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Company Profiles – DSV
DSV – A history of M & A.
The core of this company profile is centered on mergers and acquisitions. DSV acquired — some say it was to be a merger amongst equals — the Dutch Frans Maas group.
Mergers and acquisitions are activities that take place in a business environment, but the mechanisms can be translated to the organization; organizational department too are continuously merging.
Mergers are an answer to a changing business environment. As in this example. “the transport sector is subject to a continuous consolidation process driven by globalization and the consequent increase in cross-border trade…” This paragraph is from the risk section of the DSV annual report 2007 (1). DSV is an acronym meaning: the joint haulers.
“It all began in 1976 when Leif Tullberg and ten independent haulers established De Sammensluttede Vognmænd (DSV). The company operated as a cartage department for the owners and only handled contracting haulage and deliveries. In 2000 the biggest step in the company’s history was taken by the acquisition of DFDS Dan Transport Group… Since 2004 we have pursued the plan to strengthen our position in the European market. With the latest acquisition of Frans Maas in 2006, DSV goes from being a Scandinavian player to being a true Pan-European road transport and logistics player.” (2)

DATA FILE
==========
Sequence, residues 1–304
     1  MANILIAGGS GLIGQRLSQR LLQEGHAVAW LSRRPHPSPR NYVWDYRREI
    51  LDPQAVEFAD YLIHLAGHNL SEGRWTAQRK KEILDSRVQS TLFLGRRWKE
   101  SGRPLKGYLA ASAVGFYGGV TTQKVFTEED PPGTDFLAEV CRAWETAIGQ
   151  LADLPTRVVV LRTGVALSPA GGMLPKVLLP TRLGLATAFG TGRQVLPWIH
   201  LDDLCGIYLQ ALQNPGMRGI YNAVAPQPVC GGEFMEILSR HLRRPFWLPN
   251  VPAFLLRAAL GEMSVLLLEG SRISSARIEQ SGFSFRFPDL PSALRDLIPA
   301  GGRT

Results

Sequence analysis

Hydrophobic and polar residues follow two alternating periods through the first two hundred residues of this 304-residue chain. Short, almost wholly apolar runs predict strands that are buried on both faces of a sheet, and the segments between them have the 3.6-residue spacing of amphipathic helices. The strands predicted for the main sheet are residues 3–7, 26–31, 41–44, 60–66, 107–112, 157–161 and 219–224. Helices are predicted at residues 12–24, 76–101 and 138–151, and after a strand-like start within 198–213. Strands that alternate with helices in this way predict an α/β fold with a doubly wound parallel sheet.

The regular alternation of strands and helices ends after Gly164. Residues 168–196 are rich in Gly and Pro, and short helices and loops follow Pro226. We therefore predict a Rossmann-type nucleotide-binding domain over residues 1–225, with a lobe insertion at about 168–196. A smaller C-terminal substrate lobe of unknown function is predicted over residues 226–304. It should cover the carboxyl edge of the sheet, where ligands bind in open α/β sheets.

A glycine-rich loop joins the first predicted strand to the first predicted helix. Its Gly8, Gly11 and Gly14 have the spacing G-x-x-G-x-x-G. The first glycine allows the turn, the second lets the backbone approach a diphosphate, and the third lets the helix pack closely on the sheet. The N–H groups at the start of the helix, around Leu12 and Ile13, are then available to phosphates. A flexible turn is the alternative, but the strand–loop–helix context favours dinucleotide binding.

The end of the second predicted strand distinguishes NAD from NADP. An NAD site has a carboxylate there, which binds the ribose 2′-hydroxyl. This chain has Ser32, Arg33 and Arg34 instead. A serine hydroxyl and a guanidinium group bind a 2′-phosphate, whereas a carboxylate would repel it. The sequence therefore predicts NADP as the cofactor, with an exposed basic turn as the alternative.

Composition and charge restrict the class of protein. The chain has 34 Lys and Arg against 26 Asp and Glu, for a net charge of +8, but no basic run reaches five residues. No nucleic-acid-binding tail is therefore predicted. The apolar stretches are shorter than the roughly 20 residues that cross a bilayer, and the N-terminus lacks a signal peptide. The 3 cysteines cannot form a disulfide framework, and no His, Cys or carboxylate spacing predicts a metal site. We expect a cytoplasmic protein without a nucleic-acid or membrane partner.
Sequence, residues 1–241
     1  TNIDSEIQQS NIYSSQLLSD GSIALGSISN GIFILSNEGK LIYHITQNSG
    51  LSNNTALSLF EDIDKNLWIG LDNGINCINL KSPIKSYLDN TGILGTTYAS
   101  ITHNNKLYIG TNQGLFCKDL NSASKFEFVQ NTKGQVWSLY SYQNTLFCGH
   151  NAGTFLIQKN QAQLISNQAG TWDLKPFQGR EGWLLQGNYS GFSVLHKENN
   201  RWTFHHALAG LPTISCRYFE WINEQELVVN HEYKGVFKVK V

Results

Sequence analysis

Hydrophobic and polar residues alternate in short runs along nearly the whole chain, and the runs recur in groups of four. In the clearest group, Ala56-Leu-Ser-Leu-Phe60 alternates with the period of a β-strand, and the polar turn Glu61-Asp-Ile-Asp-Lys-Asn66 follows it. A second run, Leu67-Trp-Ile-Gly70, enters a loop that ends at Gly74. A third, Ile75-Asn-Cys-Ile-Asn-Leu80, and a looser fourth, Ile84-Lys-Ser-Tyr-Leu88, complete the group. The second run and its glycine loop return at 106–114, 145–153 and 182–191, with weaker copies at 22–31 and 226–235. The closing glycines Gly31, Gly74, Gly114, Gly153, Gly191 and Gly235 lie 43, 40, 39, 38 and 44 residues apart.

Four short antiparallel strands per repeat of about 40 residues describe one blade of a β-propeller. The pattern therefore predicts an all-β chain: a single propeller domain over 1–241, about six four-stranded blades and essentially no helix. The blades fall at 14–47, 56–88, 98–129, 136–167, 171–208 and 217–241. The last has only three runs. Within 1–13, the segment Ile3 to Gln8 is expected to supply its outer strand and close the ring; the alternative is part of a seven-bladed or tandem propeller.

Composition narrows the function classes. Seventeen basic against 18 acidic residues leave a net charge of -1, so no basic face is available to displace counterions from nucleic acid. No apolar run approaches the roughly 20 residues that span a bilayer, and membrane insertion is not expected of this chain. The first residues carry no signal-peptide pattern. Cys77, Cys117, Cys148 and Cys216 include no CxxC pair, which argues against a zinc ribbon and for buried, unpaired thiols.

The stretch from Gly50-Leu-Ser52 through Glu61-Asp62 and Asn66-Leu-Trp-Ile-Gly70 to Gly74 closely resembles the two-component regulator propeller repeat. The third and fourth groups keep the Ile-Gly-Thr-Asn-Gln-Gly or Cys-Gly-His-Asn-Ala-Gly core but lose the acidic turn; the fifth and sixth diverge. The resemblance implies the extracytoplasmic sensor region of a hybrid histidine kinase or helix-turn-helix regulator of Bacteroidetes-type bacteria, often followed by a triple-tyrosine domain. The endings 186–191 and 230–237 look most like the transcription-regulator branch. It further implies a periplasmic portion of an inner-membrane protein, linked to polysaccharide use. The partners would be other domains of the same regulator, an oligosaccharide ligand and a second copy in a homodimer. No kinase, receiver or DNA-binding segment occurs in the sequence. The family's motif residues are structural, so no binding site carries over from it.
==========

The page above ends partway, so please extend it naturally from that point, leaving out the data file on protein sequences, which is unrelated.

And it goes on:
The ambitions are higher than this, the company wants to become one of the largest and most profitable transport companies in Europe. The business of mergers cannot be seen separately without the influence on organization: scale is one of the factors that determine the efficiency o fan organization.
Expansion is only possible by merging and acquisitions or by autonomous growth and in a consolidating sector, the last option is hard to achieve.